One of the mysteries of the English language finally explained.
Used to express one's lack of interest in or sympathy with another person's problems.‘he'd made a mistake but that was his problem’
- ‘If you're getting fat from fast food, some politicians say that's your problem.’
- ‘How you cope with ordinary bookstores thereafter, well, that's your problem.’
- ‘You think too much Mitch, I think that's your problem.’
- ‘You're too sensitive, Christopher, that's your problem.’
- ‘If he'd rather stay stuck in the past instead of moving on to the possibility of great new things with someone that he (seemed to) really click with, then that's his problem.’
- ‘If you live overseas and can't figure out the time difference, that's your problem.’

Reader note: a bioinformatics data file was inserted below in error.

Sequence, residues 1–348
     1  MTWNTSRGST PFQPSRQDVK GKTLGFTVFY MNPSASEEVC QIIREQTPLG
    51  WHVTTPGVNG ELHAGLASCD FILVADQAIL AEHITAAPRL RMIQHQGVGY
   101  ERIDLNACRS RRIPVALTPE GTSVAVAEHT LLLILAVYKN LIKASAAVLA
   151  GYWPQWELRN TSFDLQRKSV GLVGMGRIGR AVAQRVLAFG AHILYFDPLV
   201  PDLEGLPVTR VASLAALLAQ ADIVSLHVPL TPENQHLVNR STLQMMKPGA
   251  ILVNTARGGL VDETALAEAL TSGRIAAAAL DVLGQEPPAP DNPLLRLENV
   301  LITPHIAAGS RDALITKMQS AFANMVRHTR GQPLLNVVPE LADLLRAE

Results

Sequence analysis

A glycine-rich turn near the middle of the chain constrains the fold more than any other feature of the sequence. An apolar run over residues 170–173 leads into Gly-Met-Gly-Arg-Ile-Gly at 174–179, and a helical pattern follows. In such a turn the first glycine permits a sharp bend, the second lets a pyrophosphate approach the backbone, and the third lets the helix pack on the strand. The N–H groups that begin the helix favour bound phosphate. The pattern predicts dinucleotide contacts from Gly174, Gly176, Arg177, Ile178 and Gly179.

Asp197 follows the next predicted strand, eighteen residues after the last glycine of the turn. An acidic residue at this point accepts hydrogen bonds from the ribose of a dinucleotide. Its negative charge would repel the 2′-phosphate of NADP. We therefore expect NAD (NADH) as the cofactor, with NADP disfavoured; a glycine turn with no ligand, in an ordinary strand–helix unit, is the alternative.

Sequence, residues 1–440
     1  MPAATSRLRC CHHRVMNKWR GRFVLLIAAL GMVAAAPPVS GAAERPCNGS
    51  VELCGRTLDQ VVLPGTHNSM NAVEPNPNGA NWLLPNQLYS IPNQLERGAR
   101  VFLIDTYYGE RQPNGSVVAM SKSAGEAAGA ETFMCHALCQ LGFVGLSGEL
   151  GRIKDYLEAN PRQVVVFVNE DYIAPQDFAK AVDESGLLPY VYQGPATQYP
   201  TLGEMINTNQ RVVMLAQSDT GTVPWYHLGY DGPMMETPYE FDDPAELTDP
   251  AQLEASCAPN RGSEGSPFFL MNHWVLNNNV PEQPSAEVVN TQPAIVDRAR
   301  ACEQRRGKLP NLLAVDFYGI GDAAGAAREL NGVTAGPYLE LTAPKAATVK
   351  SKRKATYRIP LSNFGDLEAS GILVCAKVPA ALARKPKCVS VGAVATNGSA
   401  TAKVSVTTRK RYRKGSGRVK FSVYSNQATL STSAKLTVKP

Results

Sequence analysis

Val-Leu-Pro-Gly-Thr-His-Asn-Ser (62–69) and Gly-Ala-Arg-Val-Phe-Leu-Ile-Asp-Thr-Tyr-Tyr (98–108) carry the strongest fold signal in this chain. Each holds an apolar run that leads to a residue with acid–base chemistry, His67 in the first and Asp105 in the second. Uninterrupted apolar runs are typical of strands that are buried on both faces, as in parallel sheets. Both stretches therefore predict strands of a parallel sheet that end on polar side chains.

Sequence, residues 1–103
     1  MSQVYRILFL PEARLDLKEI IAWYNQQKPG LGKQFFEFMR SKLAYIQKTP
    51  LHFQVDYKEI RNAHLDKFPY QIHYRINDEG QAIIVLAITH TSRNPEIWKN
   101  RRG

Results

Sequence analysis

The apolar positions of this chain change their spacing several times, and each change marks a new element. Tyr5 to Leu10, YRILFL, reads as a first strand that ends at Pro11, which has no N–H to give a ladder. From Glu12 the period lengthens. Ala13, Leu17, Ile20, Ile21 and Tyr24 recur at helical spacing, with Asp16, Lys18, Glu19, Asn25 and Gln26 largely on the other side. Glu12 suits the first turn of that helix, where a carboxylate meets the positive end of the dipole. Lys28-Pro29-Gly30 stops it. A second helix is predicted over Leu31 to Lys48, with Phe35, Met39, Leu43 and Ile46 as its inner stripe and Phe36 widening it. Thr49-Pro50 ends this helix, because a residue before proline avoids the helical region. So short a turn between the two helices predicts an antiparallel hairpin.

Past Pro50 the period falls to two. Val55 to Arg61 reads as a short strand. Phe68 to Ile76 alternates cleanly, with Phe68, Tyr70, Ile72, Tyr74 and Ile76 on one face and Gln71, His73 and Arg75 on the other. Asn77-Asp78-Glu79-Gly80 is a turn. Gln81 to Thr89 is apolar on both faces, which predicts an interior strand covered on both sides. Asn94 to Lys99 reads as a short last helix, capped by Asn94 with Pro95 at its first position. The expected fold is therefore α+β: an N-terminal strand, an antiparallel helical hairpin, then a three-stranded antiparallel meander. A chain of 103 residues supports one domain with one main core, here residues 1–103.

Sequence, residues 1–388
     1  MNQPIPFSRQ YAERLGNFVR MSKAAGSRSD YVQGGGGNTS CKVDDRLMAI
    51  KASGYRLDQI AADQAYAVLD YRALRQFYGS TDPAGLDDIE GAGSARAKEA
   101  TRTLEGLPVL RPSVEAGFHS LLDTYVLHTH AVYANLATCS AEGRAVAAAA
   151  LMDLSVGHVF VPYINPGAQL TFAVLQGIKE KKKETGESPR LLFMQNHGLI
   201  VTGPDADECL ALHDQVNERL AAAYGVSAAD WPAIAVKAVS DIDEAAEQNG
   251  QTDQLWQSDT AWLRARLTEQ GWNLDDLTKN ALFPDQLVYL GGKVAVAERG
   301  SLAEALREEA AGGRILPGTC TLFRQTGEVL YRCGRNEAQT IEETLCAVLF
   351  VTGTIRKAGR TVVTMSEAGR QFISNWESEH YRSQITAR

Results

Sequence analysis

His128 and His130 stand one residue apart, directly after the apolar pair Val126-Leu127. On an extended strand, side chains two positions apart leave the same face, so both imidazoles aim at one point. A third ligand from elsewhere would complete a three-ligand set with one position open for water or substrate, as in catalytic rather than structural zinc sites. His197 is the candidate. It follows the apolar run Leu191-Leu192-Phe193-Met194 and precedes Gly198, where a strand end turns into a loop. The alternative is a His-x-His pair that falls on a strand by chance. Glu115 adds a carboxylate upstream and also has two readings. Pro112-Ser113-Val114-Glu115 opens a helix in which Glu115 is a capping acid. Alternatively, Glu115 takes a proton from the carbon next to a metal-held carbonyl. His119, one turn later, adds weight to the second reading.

- ‘If you don't like my being friendly to others in this school, then that's your problem, not everyone else's.’
- ‘If Mr Oaten failed to register his own names on the Web, then really that's his problem.’
- ‘Yeah, sure, he doesn't have an 8 am class like you do, but that's his problem, not your flat mates’.’
- ‘I mean seriously, if he doesn't understand your need for bigger (and not necessarily better) things then that's his problem.’
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